Irene van Dyk is challenging what we all thought we knew about athletes and age.
At an age when convention tells us she should be watching the Constellation Cup series at home in her snuggle sack with a cup of camomile in hand, she is still tearing it up in the Silver Ferns' goal circle.
On the back of her best ANZ Championship season yet, 40-year-old van Dyk was one of the stars of the Ferns' opening test win against Australia.
What stood out about her performance, other than her unrivalled shooting stats, was the variety in her play. Over the past few years van Dyk has continually added new little tricks to outsmart the opposition.
Now in her fifth decade, she is in the form of her life.
Her exploits this season have exposed the fallacy that you can't teach an old dog new tricks.
Had it been up to the public, she would have been put out to pasture about six years ago.
At the first sign the opposition had her figured, it was widely proclaimed the 1.90m shooter was past it.
We seem to have a very constrictive attitude to age.
There are plenty of examples of stars who have defied chronology to remain at the top of their respective sports in their advancing years - Michael Jordan, Sir Steve Redgrave, Martina Navratilova and, closer to home, Julie Seymour, Brad Thorn and Steve Price.
Yet still, once athletes reach their 30s they're seen as over the hill.
Australian coach Lisa Alexander was heavily criticised across the Tasman for recalling 30-year-old Bianca Chatfield to her side this year.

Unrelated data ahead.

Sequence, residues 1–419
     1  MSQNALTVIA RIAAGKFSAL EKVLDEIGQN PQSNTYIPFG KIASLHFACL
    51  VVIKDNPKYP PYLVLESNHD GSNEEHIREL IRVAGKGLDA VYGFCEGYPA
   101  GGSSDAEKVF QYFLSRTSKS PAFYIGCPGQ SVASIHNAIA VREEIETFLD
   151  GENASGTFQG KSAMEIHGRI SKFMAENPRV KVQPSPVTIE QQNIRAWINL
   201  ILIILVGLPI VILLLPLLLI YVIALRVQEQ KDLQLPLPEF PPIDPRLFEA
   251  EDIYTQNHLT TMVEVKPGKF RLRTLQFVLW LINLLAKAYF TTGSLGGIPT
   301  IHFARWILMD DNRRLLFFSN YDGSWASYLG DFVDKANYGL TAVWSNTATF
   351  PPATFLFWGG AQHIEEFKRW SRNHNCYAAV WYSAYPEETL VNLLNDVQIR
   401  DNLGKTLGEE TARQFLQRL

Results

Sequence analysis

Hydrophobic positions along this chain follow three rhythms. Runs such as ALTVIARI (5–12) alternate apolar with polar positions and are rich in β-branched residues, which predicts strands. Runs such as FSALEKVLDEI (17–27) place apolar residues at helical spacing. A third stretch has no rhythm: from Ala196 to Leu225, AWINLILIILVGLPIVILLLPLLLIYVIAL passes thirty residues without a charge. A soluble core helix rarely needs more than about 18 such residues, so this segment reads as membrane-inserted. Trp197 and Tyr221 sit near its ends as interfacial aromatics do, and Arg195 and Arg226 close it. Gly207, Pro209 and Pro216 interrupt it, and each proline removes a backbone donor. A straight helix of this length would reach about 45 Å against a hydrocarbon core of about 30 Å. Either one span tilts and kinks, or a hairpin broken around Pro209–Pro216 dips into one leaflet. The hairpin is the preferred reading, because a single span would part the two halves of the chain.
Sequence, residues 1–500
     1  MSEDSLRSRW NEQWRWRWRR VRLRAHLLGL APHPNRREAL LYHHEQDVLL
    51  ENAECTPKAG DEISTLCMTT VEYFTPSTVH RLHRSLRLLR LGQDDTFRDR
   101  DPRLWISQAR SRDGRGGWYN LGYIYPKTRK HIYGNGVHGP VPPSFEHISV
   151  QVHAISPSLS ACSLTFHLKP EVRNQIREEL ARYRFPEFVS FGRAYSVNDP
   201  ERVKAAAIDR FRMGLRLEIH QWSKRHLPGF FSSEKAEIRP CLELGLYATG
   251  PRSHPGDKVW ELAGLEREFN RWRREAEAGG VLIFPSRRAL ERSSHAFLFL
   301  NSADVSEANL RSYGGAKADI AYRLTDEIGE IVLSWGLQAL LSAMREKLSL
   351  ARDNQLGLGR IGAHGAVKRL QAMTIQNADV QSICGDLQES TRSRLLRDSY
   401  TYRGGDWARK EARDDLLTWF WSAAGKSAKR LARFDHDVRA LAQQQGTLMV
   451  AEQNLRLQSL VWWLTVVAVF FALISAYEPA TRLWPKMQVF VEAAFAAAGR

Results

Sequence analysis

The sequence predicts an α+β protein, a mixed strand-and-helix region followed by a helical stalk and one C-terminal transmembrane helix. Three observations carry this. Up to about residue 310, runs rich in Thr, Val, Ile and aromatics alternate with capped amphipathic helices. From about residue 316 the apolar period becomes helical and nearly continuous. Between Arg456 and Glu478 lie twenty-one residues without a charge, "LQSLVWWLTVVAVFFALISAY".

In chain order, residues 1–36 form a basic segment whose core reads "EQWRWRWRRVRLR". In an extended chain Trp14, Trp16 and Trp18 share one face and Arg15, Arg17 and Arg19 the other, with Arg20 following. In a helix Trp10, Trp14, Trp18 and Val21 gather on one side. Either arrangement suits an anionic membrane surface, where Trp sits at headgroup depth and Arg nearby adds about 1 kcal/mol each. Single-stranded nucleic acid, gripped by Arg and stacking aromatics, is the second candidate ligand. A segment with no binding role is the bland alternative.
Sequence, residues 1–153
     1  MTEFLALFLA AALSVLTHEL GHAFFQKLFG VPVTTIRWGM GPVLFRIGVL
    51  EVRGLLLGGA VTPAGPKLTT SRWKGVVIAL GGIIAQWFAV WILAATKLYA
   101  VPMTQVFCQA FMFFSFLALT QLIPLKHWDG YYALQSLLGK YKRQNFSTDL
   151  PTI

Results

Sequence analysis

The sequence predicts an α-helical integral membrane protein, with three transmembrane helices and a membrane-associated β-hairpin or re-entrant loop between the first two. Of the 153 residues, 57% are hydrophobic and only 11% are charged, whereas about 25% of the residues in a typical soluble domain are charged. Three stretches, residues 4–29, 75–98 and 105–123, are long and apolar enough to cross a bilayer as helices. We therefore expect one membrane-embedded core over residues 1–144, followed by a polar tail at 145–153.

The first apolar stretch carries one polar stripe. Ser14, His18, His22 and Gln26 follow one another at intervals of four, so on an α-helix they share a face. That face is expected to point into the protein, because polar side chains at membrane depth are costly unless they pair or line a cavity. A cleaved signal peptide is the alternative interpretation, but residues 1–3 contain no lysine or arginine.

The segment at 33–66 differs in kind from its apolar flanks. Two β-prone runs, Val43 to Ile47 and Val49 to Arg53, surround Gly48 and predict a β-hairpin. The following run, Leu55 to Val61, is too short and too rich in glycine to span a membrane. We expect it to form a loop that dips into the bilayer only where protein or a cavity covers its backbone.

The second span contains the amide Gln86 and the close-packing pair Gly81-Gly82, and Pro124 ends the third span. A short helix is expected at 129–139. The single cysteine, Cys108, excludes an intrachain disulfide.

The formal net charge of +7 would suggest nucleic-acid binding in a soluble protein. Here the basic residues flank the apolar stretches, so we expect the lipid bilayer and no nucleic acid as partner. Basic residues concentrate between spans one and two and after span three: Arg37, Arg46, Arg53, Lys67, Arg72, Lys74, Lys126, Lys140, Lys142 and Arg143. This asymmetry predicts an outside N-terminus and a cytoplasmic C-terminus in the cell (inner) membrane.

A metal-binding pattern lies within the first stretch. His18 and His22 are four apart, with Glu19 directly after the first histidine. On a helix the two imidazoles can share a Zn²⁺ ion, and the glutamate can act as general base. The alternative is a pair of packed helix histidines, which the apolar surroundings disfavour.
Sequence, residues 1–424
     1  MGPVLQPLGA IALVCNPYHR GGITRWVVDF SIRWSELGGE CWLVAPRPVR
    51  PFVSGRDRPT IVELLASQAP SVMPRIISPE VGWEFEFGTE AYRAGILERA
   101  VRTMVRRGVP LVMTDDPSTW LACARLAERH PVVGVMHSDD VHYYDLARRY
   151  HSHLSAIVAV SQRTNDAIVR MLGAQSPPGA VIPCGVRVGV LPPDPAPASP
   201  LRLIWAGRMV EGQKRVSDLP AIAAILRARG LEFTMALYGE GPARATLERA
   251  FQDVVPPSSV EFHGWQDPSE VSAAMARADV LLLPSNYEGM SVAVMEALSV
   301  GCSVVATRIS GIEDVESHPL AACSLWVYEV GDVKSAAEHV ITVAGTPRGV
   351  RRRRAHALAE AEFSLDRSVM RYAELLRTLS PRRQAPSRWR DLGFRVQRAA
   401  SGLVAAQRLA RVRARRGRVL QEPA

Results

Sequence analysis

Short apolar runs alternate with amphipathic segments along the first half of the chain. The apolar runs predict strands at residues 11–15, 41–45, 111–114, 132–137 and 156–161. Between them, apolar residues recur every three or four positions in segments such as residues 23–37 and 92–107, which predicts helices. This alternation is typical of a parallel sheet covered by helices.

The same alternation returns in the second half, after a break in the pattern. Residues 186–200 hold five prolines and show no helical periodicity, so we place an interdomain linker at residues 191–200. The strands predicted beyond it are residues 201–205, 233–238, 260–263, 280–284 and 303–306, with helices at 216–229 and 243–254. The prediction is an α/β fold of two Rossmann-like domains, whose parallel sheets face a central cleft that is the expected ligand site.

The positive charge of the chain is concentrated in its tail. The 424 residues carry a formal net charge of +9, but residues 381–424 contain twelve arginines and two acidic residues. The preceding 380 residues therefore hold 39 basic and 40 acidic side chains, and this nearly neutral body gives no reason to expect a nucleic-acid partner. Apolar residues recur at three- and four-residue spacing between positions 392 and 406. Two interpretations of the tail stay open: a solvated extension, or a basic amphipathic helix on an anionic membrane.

It's true that given the stresses professional athletes put on their bodies these days, particularly in contact sports, sometimes knees and ankles and shoulders give out well before their enthusiasm does.
But there needn't be a prescribed shelf-life for our sports stars.
Greyling's two-week ban
Rugby bosses tell us they are serious about player welfare.
So why has South African prop Dean Greyling copped only a two-week ban for deliberately bashing Richie McCaw on the swede?
Fuelled by some tragic cases in the US of former NFL players suffering neurological disorders, the long-term effect of concussion has become a buzz topic in world sport.
But rugby bosses are quick to point out that their game is much safer than American football.
After all, attacks to the head have been banned ever since William Webb Ellis picked up the ball and ran with it, whereas they were outlawed in the NFL only in 2010.
Yet the sanctions imposed on Greyling for his cheap shot on McCaw do little to discourage such actions.
If rugby is to continue to claim it is the world leader in proactively managing the risks of head injuries, then it needs to show us it's serious by imposing stricter sanctions against players who deliberately make contact with the head.